Adult Ballet Classes are now at JLDC! Five weeks into our new dance season, Joanne Langione Dance Center is humming along. Our hallways are filled with toddlers through teens coming and going each week for their dance classes, teachers are starting choreography for our Winter Concert and Hip Hop Shows, and costumes are being ordered! It’s the happy rhythm of our dance school that we have come to know and count on after 47 years of teaching dance in Newton.
We have always welcomed change and growth with open arms and so….
we are thrilled to announce that beginning on October 21st JLDC will be offering our same, Best of Boston Ballet classes for kids…to adults!
Adults, dust off your ballet slippers and get ready for a great workout.
There are so many benefits of incorporating ballet into your adult life like improved flexibility, coordination and posture. In addition, ballet can provide a low impact, full body workout that will leave you feeling accomplished. Enjoy the benefits of a workout while forgetting you are actually working out! Who wouldn’t enjoy that?
It’s time for the grown-ups to start reaping the benefits of all that our Joanne Langione Dance Center classes have to offer!
New JLDC Faculty member, Elizabeth Grande will be teaching our adult ballet classes on Friday evenings. Liz has trained with Bossov Ballet Theatre, American Ballet Theatre, Ballet Austin, and José Mateo Ballet Theatre. She attended The Hartt School at the University of Hartford and graduated Magna Cum Laude with a Bachelor of Fine Arts in Ballet Pedagogy. Elizabeth’s professional career includes dancing three seasons with Ballet Theatre of Maryland, as well as two seasons with the Charlottesville Ballet. Elizabeth also performed as a guest artist with the Eastern Connecticut Ballet, the Hartford Symphony Orchestra, Roanoke Ballet Theatre, and Stavna Ballet.
Liz has been teaching both children and adults for over 14 years. In a recent blog post she wrote for her Joy Of Dance Blog, she shared about her experience teaching adults.
Enjoy this excerpt from Liz’s blog…and don’t forget to join us on Friday from 6:45-7:45pm at JLDC!
I started teaching in college. When I began at The Hartt School at the University of Hartford, I intended to only get a performance degree. After completing the mandatory pedagogy course freshmen year though, I found that I really enjoyed teaching. And so, I switched my major to Ballet Pedagogy. I was able to perform as I intended, while also getting the added bonus of a ballet teaching degree. I knew that teaching would be essential to supporting my performance career, and, of course, I wanted to have a back-up plan for myself.
It’s a blur to me now when I even started teaching adults.
What I do remember is initially being very intimidated by the task. Most adult ballet classes are labelled or defined in some way – beginner, intermediate, advanced, etc. But there’s not often a huge offering for adults. Therefore, as a teacher, you’re often presented with a huge spectrum of student abilities. As both a teacher and a people-pleaser, I want everyone to be happy, to be appropriately challenged, to enjoy themselves, and not feel overwhelmed! But finding this balance for each student was so daunting to me when I began teaching adults. (Honestly, it’s still a little daunting today too, but the love outweighs the fear LOL.)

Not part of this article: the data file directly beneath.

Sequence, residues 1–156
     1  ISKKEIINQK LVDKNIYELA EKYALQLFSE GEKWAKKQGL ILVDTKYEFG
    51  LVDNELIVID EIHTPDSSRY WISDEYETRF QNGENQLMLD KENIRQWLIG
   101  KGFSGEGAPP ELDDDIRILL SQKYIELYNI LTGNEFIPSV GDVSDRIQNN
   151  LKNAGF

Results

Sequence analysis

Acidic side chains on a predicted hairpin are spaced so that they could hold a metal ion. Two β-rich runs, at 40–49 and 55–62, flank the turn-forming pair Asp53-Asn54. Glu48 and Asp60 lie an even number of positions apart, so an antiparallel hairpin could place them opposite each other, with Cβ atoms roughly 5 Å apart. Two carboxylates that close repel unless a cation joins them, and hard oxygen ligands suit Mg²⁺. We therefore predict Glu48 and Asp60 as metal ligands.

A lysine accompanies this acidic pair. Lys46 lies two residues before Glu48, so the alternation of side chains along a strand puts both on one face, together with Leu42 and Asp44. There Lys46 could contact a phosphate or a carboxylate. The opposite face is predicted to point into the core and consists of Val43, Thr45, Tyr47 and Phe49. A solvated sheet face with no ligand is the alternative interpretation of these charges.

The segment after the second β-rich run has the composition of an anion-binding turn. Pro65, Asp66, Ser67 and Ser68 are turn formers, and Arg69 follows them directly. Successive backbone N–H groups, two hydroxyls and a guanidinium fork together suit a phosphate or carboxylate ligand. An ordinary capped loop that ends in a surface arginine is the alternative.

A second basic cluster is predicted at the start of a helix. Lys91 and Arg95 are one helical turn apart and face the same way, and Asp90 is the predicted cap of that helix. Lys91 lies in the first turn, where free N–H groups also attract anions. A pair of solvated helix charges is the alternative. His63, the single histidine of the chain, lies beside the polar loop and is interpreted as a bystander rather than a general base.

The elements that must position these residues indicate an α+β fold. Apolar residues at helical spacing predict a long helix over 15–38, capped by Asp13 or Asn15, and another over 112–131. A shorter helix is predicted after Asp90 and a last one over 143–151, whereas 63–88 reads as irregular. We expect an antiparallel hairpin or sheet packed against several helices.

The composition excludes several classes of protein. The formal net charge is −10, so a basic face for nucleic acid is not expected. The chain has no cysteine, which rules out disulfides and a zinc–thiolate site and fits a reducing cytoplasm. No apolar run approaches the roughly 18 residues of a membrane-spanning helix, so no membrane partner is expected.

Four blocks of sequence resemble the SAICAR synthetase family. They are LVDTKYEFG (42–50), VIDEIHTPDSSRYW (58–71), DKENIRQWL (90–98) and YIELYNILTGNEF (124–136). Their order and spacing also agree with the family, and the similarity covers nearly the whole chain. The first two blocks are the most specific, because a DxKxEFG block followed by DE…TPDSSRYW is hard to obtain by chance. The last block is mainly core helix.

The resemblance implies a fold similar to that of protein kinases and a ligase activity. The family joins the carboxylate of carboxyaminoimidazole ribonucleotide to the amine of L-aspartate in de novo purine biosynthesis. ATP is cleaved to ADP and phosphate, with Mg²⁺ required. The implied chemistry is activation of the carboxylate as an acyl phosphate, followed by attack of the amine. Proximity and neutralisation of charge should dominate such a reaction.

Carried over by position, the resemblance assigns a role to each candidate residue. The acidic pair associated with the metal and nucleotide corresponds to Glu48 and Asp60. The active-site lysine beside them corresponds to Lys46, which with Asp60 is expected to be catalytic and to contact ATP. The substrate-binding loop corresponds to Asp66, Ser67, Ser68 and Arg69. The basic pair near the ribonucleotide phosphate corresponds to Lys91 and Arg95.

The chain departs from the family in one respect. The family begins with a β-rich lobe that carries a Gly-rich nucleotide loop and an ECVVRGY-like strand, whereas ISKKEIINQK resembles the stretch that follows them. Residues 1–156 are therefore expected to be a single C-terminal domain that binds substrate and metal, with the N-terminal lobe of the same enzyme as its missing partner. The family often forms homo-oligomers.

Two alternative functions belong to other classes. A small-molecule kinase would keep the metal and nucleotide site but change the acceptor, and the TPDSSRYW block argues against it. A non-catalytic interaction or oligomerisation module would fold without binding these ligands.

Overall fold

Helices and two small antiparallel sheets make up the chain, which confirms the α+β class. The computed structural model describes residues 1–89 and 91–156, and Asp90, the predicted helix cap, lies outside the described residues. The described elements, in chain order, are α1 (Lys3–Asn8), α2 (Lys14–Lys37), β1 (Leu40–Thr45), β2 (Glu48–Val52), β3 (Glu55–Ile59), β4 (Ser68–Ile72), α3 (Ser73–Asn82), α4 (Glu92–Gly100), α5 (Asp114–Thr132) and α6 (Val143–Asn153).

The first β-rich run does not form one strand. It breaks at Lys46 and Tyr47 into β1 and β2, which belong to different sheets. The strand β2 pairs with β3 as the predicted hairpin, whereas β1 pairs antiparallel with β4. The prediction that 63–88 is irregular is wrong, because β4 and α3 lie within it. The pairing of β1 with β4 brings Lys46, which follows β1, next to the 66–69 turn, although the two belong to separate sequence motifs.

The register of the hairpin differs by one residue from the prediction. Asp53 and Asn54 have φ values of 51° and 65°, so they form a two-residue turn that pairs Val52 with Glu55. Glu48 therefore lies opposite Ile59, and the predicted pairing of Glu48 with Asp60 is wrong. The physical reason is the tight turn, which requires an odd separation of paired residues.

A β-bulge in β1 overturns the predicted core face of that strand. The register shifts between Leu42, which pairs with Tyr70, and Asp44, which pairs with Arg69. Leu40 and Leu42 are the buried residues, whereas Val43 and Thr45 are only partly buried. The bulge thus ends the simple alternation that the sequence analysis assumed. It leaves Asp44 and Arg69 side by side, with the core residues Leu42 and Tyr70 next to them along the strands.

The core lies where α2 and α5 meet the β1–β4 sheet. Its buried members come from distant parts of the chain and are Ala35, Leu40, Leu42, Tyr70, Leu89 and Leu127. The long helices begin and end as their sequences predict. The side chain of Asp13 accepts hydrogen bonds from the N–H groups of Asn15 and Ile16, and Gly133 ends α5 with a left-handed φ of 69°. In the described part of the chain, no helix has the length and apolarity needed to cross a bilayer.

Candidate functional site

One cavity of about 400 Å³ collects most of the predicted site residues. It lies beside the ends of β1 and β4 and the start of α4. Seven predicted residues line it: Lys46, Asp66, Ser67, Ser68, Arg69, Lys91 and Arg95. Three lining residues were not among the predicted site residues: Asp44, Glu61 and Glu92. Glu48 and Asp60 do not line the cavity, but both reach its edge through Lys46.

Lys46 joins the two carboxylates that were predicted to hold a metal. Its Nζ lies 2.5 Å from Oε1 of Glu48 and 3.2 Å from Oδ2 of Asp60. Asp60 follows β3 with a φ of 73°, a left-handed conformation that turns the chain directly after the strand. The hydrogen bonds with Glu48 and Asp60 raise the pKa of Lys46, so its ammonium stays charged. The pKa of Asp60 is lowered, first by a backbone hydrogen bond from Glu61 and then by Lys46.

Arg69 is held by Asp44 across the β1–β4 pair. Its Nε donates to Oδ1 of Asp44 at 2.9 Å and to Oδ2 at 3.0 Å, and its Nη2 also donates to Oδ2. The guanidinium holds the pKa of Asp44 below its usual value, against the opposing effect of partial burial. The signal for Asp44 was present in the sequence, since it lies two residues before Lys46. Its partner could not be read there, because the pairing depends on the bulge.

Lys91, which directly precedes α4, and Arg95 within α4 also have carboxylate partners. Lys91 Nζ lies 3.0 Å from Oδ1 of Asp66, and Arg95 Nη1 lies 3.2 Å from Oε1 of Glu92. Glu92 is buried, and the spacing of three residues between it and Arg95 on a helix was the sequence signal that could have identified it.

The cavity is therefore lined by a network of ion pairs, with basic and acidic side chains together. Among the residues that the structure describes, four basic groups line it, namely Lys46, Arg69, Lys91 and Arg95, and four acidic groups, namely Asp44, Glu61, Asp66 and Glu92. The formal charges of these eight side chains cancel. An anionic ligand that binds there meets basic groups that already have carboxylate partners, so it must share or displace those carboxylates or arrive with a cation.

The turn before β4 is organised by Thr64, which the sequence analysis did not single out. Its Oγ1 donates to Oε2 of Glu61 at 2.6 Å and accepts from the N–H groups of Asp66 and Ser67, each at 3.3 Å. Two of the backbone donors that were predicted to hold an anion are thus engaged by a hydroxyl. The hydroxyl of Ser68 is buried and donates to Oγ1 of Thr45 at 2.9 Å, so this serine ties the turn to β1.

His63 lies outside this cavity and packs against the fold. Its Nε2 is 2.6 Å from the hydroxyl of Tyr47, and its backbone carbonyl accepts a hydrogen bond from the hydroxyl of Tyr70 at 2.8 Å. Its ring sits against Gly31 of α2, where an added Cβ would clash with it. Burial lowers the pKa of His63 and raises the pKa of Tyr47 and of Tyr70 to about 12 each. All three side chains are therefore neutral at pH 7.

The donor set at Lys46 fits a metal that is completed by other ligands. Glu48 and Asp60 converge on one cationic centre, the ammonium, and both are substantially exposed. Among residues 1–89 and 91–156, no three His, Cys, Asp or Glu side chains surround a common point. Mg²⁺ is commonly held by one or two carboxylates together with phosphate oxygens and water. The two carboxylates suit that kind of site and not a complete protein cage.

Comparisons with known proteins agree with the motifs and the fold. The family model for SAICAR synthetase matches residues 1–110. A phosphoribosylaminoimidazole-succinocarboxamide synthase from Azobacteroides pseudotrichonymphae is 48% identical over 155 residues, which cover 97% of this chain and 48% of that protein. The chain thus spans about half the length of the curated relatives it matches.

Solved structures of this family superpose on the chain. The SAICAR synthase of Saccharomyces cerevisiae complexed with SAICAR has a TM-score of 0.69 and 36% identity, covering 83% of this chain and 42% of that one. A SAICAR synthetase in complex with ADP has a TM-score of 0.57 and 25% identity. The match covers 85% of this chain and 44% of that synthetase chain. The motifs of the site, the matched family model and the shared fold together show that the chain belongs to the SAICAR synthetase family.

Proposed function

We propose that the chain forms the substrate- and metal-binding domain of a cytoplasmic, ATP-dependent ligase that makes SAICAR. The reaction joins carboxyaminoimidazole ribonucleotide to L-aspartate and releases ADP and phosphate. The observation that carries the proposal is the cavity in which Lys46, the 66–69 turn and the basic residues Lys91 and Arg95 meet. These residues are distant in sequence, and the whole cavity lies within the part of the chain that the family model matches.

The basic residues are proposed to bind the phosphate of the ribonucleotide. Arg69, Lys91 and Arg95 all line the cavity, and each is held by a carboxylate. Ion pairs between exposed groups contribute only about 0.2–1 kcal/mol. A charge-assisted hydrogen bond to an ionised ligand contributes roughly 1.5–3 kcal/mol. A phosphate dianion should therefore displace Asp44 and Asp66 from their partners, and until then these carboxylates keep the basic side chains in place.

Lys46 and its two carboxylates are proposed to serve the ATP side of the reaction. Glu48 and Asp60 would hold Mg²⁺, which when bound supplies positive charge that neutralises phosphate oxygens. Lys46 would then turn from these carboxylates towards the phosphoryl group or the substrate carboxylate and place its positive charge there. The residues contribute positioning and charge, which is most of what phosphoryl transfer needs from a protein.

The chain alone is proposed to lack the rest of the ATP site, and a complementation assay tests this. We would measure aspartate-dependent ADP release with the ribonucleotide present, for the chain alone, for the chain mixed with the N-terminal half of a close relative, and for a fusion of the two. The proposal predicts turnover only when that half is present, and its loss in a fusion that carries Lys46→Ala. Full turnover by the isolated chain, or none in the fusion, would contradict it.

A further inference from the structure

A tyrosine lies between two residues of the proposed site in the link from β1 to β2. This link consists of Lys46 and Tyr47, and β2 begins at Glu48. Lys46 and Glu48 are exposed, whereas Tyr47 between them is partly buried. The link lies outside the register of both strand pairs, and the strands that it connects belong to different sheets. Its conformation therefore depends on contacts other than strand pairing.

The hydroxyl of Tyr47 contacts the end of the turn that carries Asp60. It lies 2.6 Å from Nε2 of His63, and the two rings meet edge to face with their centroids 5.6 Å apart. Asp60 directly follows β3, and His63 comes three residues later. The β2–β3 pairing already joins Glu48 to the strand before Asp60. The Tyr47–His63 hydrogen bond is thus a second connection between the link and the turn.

After a serious injury about five years ago, I exited the company scene and decided to try my hand as a freelancer instead. With my mornings oddly free of ballet class for the first time in about nine years, I was given a Wednesday A.M. adult ballet class to teach. At first, it was a special kind of torture. Teaching class on the same floor as the company, around the same time as warm-up, made me feel like an absolute failure. I didn’t feel like myself. I would walk around and correct, offering the occasional wave at someone I knew in the hall, and think to myself, “What had I let happen to me? I’m not a dancer anymore.”
On building a dedicated roster of adult ballet students
Week to week, I maintained a faithful crew of students. It was a challenging blend of students too, tone I had originally thought I couldn’t conquer. They are a spectrum of ages, some comfortable with center work, some not. Some have past professional careers, some totally beginner, one student even on pointe every week. What made it all the more enjoyable was their encouragement and the bond that we all built together. It gave me something to lean on when I was struggling. It made me realize that I am a strong teacher. Also, that maybe I could enjoy the title of “dance teacher” just as much as the title of “dancer”. Writing about it now, I miss “my Wednesday morning crew” so much.
What means the absolute most to me about adult students, is that they choose to entrust me with their time. It is a conscious choice that they make. They come to class (live, or virtual nowadays), set aside their busy lives, and to do something for themselves. I am always humbled to be a part of their time. I help them nourish the love for dance that they still have or are just now exploring. The responsibility I have to my adults is huge. Sometimes the weight of it overwhelms me, but overall it holds a special place in my heart.
I am honored to be a part of your life. I hope to make your choice to dance all the more worthwhile.